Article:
Changing Our Routines in Recovery

Before getting sober, some of us were able to hold down our jobs. We drank alcoholically in the evenings, or binged on the weekends. We went to work with hangovers and pretended no one noticed. If we looked like the wrath of God, we hid in our offices or cubicles, and avoided contact with our colleagues. Eventually the progression caught up with us.

Now we are in recovery, perhaps out of detox, in a rehab, or out on our own with a good aftercare plan. We are luckier than others and grateful that our place of employment had policies helpful to our recovery.

Our aftercare plan has us linked up with a therapist. We are regularly attending AA meetings, and a therapy group. Though we are busy and feeling better, we still get depressed about our disease. One action we can take to help us feel better, is to make changes in our daily and weekly routines.

If we live in the suburbs, perhaps there’s another route we can take to work. Even if it takes a few minutes longer, it might do us some good. Call it a change of scenery. If we live in the city and have the habit of getting coffee from the same shop every workday, we have the option of finding another bistro. Perhaps there, we’ll find the coffee more flavorful.

There aren’t many alternative routes to work for those of us who live in rural America. Still, we can change up our routine through a creative endeavor. This could be as simple as stopping everyday to take a photograph of the lake we pass in route to work. We can use our photographs to observe how life changes everyday. Making changes in our routines, however simple, can give us the distraction or purpose we might need on any particular day. We could prepare different meals for our family, or read a new book instead of watching TV when we get home from meetings.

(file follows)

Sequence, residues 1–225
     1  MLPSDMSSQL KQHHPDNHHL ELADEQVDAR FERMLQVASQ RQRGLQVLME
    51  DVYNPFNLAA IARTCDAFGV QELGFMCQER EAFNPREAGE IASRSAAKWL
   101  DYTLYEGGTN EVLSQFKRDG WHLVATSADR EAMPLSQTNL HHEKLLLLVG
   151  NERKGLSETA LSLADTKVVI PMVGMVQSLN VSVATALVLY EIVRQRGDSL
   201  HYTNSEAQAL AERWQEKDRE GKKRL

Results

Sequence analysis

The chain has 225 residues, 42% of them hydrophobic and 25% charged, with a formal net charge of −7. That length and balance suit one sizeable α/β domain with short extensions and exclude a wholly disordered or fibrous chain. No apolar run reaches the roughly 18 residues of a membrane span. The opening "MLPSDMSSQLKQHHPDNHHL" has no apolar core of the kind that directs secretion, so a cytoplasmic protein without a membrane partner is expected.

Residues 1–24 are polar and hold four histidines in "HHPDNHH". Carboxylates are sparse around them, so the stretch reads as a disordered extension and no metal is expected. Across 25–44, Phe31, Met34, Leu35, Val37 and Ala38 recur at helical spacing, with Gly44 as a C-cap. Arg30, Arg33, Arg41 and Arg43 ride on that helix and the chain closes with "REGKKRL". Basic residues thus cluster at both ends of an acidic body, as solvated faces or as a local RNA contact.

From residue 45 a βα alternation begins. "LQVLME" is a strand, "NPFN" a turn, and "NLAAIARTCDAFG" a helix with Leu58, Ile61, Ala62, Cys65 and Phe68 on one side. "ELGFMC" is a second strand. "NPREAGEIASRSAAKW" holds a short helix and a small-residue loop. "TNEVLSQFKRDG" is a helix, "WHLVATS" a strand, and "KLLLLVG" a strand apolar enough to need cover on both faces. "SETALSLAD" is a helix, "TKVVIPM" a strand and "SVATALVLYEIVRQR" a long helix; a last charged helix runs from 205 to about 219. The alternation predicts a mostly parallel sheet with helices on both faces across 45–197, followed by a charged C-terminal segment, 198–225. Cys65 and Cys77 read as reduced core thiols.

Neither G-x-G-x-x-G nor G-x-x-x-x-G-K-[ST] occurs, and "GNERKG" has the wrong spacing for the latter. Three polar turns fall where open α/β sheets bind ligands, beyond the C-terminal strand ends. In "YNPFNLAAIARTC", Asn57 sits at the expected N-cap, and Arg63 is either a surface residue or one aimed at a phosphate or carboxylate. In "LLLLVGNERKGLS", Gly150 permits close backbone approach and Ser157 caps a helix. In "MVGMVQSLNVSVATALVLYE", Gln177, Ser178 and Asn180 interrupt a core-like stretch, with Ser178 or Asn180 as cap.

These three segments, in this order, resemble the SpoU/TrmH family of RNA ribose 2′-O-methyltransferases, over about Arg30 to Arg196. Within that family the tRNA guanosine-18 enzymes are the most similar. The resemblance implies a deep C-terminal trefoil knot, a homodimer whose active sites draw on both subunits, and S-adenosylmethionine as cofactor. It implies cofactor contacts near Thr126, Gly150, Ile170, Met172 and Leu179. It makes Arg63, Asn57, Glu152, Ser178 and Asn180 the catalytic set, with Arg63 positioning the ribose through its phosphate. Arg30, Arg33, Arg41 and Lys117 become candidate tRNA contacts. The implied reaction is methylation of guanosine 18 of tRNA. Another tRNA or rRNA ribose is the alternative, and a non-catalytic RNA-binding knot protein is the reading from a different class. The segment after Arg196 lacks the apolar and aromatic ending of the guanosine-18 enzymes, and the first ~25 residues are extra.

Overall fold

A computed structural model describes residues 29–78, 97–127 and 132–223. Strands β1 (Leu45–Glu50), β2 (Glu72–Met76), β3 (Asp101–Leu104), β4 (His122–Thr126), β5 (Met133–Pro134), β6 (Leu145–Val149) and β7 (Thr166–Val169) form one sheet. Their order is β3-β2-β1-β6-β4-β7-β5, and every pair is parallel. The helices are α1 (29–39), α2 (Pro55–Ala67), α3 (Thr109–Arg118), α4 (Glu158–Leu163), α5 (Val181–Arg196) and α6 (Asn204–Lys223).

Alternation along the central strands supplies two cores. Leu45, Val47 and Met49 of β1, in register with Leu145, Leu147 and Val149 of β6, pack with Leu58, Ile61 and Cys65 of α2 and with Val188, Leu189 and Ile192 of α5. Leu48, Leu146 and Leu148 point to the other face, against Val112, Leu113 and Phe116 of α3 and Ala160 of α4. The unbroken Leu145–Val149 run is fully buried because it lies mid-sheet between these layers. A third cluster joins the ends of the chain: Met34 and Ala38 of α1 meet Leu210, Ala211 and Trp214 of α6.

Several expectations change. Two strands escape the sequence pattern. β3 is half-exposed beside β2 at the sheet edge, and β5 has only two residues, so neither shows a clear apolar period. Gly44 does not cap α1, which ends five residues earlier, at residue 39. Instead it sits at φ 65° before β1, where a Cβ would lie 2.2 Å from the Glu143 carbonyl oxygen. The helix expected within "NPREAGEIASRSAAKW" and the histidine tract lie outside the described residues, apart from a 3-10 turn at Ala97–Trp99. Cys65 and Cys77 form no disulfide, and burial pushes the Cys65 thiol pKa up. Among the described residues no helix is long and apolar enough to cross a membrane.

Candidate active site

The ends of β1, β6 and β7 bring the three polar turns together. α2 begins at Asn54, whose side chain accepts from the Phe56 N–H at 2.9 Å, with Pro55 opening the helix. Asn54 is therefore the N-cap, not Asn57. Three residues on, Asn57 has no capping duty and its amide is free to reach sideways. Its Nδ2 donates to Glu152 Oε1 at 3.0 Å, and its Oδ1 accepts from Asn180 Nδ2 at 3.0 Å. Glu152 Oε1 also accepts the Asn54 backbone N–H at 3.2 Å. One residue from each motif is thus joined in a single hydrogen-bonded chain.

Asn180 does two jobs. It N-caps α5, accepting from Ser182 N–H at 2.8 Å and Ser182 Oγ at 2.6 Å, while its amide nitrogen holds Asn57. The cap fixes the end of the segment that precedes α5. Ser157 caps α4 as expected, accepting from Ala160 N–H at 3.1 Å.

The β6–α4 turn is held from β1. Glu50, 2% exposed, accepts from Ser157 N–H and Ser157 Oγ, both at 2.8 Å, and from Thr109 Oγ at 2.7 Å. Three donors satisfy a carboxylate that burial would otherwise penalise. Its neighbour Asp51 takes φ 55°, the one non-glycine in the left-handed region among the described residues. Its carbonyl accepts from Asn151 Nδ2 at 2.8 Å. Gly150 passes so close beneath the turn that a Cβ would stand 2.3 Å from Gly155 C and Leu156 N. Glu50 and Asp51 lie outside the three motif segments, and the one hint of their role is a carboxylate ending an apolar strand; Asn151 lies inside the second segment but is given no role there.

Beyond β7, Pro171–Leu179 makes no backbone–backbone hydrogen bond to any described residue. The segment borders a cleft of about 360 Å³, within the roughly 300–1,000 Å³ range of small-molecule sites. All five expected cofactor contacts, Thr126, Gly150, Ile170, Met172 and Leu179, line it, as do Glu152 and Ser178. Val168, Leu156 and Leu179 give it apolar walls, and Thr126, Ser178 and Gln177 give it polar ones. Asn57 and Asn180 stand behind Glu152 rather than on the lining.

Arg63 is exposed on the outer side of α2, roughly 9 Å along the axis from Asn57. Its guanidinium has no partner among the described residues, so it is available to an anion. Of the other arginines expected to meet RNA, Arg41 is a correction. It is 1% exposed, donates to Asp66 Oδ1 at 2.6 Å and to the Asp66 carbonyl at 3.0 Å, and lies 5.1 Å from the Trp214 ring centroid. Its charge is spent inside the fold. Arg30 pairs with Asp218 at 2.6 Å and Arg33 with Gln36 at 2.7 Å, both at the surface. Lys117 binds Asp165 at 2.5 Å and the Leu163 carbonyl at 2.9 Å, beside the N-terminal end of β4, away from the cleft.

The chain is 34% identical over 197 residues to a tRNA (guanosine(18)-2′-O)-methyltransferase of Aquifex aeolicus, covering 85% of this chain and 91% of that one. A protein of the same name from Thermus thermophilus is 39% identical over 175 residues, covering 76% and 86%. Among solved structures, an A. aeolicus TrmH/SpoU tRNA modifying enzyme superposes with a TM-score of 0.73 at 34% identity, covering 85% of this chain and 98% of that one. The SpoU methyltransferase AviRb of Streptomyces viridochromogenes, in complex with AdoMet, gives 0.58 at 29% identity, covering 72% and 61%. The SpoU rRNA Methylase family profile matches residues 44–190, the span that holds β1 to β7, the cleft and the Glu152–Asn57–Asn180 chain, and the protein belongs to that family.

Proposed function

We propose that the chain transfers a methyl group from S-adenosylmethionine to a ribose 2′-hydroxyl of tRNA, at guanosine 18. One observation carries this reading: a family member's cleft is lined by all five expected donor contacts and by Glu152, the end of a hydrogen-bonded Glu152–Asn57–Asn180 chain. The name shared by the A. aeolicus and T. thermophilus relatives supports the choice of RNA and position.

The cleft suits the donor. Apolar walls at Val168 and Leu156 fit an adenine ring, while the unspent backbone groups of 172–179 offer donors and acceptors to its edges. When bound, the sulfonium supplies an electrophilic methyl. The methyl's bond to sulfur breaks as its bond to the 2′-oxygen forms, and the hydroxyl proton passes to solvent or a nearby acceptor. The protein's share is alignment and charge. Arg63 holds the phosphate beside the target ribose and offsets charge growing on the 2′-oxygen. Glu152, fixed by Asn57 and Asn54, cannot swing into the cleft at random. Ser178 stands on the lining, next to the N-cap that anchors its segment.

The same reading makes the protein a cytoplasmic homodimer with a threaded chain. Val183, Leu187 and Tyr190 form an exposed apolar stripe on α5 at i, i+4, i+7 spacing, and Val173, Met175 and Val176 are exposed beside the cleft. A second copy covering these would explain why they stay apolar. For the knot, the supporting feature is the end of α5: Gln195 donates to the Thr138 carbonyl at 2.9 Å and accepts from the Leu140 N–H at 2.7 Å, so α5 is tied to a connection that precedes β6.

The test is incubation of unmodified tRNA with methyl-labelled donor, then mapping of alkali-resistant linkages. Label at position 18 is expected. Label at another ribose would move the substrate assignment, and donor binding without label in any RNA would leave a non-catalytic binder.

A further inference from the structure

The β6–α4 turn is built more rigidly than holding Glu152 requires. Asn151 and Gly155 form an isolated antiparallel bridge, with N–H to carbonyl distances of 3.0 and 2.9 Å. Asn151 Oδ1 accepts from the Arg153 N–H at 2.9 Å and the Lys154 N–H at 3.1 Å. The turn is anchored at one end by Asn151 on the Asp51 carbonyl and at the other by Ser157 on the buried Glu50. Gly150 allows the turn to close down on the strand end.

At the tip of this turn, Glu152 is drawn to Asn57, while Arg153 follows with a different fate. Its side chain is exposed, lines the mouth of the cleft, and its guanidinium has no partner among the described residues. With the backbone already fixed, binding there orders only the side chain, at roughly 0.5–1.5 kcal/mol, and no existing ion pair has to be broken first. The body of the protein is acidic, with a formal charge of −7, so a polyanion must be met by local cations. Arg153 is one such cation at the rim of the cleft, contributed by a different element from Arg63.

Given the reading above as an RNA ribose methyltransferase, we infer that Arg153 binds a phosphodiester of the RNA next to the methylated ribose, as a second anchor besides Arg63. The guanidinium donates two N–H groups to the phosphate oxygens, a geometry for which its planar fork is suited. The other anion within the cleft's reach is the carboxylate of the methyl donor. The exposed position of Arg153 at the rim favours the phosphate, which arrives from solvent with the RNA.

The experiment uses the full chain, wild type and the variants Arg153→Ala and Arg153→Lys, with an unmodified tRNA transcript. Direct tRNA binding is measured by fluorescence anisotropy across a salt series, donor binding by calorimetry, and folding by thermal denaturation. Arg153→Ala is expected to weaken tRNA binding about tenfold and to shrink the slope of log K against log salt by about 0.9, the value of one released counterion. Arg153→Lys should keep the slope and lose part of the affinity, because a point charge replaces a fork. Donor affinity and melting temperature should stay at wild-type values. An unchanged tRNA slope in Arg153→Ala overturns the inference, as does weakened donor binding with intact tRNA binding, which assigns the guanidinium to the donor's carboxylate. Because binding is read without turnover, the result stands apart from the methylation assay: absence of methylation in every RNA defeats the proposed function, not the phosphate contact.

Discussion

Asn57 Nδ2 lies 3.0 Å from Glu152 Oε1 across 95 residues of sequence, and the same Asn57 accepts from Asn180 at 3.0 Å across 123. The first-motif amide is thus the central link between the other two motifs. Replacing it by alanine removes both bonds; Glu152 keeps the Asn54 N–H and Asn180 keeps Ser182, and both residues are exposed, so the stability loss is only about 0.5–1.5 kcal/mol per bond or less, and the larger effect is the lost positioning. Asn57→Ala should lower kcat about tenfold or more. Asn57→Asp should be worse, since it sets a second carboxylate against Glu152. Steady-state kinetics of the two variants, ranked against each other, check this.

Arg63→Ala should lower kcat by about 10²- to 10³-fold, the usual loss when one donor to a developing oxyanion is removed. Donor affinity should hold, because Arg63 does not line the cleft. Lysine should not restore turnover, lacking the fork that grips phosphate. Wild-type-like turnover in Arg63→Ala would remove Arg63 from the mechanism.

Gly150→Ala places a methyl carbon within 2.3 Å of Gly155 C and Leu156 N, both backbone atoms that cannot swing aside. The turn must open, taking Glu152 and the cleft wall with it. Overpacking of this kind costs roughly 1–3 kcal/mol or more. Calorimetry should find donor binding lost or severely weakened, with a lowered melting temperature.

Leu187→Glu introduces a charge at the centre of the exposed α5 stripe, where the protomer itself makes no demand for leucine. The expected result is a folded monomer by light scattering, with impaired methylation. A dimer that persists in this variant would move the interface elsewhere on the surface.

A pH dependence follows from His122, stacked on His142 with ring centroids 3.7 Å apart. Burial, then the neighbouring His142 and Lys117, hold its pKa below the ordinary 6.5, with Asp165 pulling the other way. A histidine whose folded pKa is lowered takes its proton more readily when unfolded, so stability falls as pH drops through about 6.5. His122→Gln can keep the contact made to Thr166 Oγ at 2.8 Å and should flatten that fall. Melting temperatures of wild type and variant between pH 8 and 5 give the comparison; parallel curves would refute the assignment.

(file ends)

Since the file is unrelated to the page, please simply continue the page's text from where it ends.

Recovery has its challenges, to be sure. We are going to have really bad days, but they don’t have to drag us into a spiral of despair. We have options. The changes we make with our routines can provide a well-needed shift in perspective. We are more than our someone with an addiction. We have the ability to engage with our creative selves. Life is getting better after all!

“If we surrendered, to earth’s intelligence, we could rise up rooted, like trees.”—Rainer Maria Rilke

Going to a rehab gives you time, without distraction, to sort out your struggles with addiction. It provides you with the space to begin healing, and relearn who you are. Infinity Malibu offers complete discretion, privacy, treatment that is lasting, and amazing ocean vistas. 888-266-9048  

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